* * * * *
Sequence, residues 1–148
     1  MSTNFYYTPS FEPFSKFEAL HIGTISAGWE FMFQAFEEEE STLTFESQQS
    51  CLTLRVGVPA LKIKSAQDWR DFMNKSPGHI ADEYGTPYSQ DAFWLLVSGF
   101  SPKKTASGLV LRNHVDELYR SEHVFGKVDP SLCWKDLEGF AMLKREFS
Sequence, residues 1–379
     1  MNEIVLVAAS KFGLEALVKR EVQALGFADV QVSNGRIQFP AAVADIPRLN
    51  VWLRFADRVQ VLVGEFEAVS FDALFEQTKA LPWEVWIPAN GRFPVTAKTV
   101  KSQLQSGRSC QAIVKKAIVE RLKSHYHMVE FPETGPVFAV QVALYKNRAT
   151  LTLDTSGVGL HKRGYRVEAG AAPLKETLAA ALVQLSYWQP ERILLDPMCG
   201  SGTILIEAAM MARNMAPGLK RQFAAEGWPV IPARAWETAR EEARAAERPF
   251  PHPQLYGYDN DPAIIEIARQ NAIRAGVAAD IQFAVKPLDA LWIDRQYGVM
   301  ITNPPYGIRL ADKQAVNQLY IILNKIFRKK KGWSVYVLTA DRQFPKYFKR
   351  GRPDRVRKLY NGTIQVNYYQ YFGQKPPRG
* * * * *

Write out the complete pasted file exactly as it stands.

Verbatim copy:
Sequence, residues 1–148
     1  MSTNFYYTPS FEPFSKFEAL HIGTISAGWE FMFQAFEEEE STLTFESQQS
    51  CLTLRVGVPA LKIKSAQDWR DFMNKSPGHI ADEYGTPYSQ DAFWLLVSGF
   101  SPKKTASGLV LRNHVDELYR SEHVFGKVDP SLCWKDLEGF AMLKREFS
Sequence, residues 1–379
     1  MNEIVLVAAS KFGLEALVKR EVQALGFADV QVSNGRIQFP AAVADIPRLN
    51  VWLRFADRVQ VLVGEFEAVS FDALFEQTKA LPWEVWIPAN GRFPVTAKTV
   101  KSQLQSGRSC QAIVKKAIVE RLKSHYHMVE FPETGPVFAV QVALYKNRAT
   151  LTLDTSGVGL HKRGYRVEAG AAPLKETLAA ALVQLSYWQP ERILLDPMCG
   201  SGTILIEAAM MARNMAPGLK RQFAAEGWPV IPARAWETAR EEARAAERPF
   251  PHPQLYGYDN DPAIIEIARQ NAIRAGVAAD IQFAVKPLDA LWIDRQYGVM
   301  ITNPPYGIRL ADKQAVNQLY IILNKIFRKK KGWSVYVLTA DRQFPKYFKR
   351  GRPDRVRKLY NGTIQVNYYQ YFGQKPPRG